What We Needed Emissive Text For
Note: Skip this section if you’re only here to read about the emissive text
One of the biggest challenges we’ve faced during beta development is quite simple: explaining to players what they have to do.
The concept of collecting a minimum number of StratoSpheres and handing them in at the “exit” is easily taught with inelegant solutions like text popups or tutorial mazes designed solely to teach that mechanic. But with our recent level design overhaul we’ve dropped the entire concept of “tutorial” mazes and are aiming to create one whole experience during which you learn mechanics at a natural pace. And of course we favor elegant solutions over annoying text popups.
This is one of our recent attempts to highlight how many StratoSpheres are needed to hand in:
Piggybacking off of the four pillars that are already part of the exit to display how many are left to hand in will (hopefully) highlight how the mechanic works.
How We Created Faux-3D Emissive Text
Creating performant “true” 3D text with an emission effect is a difficult challenge that I couldn’t overcome. From what I found, it’s difficult to get multiple materials to play nice when attached to a 3D textmesh. I really wanted to use 3D text to take advantage of the mesh batching that would come with it, so I tried some inefficient workarounds like a child object mesh renderer with an emission effect. No dice, didn’t look good.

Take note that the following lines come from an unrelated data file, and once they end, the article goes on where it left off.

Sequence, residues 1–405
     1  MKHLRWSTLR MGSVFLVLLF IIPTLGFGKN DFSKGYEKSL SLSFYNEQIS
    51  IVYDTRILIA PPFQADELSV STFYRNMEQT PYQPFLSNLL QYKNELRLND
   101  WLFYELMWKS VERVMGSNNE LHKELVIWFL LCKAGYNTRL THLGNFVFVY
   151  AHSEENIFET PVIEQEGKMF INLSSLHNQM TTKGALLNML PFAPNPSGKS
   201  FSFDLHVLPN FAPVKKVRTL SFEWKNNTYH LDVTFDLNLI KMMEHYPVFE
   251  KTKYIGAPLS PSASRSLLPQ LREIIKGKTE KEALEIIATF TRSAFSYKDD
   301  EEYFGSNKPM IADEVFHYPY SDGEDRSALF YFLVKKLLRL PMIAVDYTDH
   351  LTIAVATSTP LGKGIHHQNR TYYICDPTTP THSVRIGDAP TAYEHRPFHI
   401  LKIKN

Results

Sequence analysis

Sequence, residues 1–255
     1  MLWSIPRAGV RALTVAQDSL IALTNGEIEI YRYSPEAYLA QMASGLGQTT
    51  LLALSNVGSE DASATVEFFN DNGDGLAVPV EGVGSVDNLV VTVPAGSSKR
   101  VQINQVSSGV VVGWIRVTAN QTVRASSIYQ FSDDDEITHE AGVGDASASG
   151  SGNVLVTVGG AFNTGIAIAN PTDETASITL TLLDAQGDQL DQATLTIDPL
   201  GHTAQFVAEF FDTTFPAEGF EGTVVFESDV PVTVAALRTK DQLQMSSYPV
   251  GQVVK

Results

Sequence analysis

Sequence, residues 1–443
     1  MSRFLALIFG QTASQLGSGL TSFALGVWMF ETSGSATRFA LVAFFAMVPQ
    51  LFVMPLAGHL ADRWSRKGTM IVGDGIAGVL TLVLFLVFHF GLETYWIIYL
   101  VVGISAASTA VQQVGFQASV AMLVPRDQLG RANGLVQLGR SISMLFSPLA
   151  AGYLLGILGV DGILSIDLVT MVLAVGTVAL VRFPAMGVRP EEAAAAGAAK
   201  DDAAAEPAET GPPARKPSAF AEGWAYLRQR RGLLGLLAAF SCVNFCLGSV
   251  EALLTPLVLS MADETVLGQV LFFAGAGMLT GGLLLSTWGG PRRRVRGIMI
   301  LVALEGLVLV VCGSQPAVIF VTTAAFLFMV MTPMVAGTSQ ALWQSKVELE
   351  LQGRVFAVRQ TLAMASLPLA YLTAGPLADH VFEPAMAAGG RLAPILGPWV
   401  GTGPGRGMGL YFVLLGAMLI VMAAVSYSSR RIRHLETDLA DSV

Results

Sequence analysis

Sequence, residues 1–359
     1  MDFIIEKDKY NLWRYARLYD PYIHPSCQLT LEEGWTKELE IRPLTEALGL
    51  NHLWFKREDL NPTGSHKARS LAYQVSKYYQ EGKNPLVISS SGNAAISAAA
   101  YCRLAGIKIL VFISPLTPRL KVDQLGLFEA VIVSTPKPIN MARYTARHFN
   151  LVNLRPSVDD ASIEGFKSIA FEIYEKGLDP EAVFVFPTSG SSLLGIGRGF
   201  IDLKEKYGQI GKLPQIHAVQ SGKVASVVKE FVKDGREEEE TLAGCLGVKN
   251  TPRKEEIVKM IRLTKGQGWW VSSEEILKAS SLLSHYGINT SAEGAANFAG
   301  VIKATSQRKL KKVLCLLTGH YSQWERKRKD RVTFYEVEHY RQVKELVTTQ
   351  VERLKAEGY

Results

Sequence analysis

What I ended up doing was create a regular world Canvas with 2D text and applying a Standard Specular emission effect.
Aside: If anyone knows of a more efficient shader or technique for emissive effects (especially for mobile devices) PLEASE ping me in the comments section (or at email@example.com) as I could not find much on that topic..
2D world-canvas text of course creates the problem shown here:
As the player moves around in 3D space, they won’t always see the 2D text. We could have the text auto-rotate to always face the player using a dot product, but that’s an expensive operation to perform every single frame. Luckily in our game, the player can only ever be in one of four rotations on the Y axis: 0, 90, 180, 270. So instead of rotating every frame, we can rotate the text to face the player only when the player’s rotation has changed. So it boils down to this:
void RotateGoalText(int nextRot)
foreach (ui_text r in ui_goal_text)
public void SetRotation(int setRot)
t.rotation = Quaternion.Euler(t.rotation.x, setRot, t.rotation.z);
How To Apply This Solution To A Different Game
If I were to apply this same solution to a game where the player can be at any Y rotation 0 to 360, or any rotation in general, it’s worth checking if the text is even being rendered before calculating a rotation vector.
For a 2D world Canvas this isn’t a straightforward task, so if you can work with a 3D text mesh that’s much better since you can simply use renderer.isVisible.
Once you know the text is being rendered, then you can calculate the dot product to the player and rotate the text accordingly. Personally, instead of doing this every frame, I would use a Coroutine to wait for X number of frames to pass until I recalculate, since it’s unlikely that the player will notice that the text isn’t rotating to perfectly face them every frame but rather every 5 or 10 frames.